The Big Story
Apple to Potentially Expand Advertising Capabilities
Earlier this month, Apple released a job listing for a senior manager for a Demand Side Platform. This has led many to believe that Apple will be expanding its current first-party advertising offerings with the addition of a demand-side platform.
Apple has notoriously been known for objecting to advertising-centric business practices like that of Facebook due to their strong stance on data privacy. However, they have been showing signs of slowly building out their advertising capabilities with new ad placements on the App Store and Apple News. It is still unclear if the potential DSP is aimed at serving ads solely on Apple’s owned and operated properties or if they plan to expand outwards.
For years, Apple has built a vast walled garden with their connected products and services rich in user data. Because of this, Apple will have full control over how and where this data is used without the risk of the data leaving their walled garden. This could potentially result in a huge increase in ad revenue for Apple as advertisers flock to their first-party data.
With over 200 million businesses using Meta applications, Meta recently introduced new targeting options for B2B advertisers. This new B2B targeting options will be available when creating a new campaign and will include:
- IT decision-makers: People who are information technology decision makers, based on their job titles.
- Business decision-maker titles and interests: People who are business decision-makers based on their job titles and interests.
- Business decision-makers: People who are business decision-makers in engineering/IT, operations, human resources, strategy or marketing, based on their job titles.
- New active business: Administrators of engaged businesses that were created in the past six, 12 or 24 months. Meta noted that this option reflects three segments—one for each timeframe.
Twitter to Add Podcasts to its Platform
Twitter has announced their “all-in-one, personalized audio destination” with the addition of podcasts into their platform. The podcasts can be found in the Spaces Tab that is designed in three sections: Stations, Spaces Spotlights, and Upcoming Spaces. ‘Stations’ groups content together based on different topics while also giving recommendations based on user themes and people you follow. ‘Spaces Spotlight’ lists the top curated audio content currently out. Lastly, ‘Upcoming Spaces’ details future content that users can set reminders for. Users are also able to like or dislike a podcast to help Twitter make more educated recommendations.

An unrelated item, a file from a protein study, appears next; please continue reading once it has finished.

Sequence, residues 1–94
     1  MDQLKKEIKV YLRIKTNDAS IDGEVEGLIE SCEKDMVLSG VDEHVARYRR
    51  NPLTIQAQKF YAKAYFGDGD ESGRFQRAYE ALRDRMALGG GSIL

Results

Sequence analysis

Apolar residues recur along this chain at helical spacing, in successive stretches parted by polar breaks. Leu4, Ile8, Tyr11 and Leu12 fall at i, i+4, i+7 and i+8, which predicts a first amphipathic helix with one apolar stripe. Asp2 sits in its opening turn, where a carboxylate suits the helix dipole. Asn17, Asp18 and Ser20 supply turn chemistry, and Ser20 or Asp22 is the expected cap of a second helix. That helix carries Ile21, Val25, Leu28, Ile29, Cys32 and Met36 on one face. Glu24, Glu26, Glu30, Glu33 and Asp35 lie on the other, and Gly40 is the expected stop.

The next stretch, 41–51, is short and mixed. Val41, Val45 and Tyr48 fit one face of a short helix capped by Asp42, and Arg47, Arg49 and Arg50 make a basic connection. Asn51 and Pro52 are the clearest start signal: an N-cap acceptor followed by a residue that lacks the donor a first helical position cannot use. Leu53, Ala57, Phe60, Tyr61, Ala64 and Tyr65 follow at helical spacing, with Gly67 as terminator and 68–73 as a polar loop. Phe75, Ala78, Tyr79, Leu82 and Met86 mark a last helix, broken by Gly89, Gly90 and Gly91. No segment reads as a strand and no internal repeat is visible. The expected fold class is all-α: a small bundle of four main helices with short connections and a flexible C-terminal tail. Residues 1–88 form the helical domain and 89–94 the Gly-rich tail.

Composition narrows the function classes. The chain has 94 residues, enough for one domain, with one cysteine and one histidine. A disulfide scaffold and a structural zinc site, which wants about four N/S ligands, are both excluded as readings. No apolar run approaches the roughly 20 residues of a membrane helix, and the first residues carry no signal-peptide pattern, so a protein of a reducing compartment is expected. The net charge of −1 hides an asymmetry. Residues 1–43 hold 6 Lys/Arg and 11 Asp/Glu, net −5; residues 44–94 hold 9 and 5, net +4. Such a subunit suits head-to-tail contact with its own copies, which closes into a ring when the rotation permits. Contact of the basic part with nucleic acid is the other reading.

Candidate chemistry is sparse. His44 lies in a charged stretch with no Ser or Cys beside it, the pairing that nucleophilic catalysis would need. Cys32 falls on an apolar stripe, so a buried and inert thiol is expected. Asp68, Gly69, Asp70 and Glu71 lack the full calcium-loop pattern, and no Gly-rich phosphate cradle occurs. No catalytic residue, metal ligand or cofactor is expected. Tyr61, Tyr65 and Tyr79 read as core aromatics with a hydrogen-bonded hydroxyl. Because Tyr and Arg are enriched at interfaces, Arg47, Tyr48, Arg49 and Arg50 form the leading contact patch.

Better Content For People, by People
This month, Google has rolled out two major updates aimed at making helpful and relevant content more accessible for users. The first update, which is coined the “helpful content update,” works to filter out irrelevant content that was created solely for ranking purposes. With so much content being developed now, Google continuously works to ensure that high-quality content that is useful to users takes precedence over content that is created only to appease Google’s ranking system. The second update aims to help users find more helpful product reviews written by experts. Since product reviews play an important part in a consumer’s decisions making, Google has been working to make high-quality, in depth and original reviews easier to find.
For the second time, Google has announced their delay of removing third-party tracking cookies. This will now be pushed off until 2024. Advertisers, who are probably not surprised, have already been turning to alternate solutions like first-party platforms and data clean rooms. In the meantime, Google is slowly rolling out their Privacy Sandbox trials as their solution to cookie-less technology.
Google Takes on Digital Out-of-Home
Google’s Display & Video 360 digital platform introduced a new digital out-of-home piece this week. With digital OOH placements, advertisers are now able to serve ads in public places such as airports, bus stops, elevators, shopping centers, stadiums and taxis all through one centralized platform. This even allows for advertisers to run multiple versions of creative based on the time of day. Google, however, has stressed that these placements are not personalized and do not use individual identifiers or user location data to serve ads. Instead, this relies on contextual information of the actual screen location. Not only does this broaden advertisers’ toolsets, but it also streamlines the process by allowing one self-service location for strategy, activation, reporting and optimization.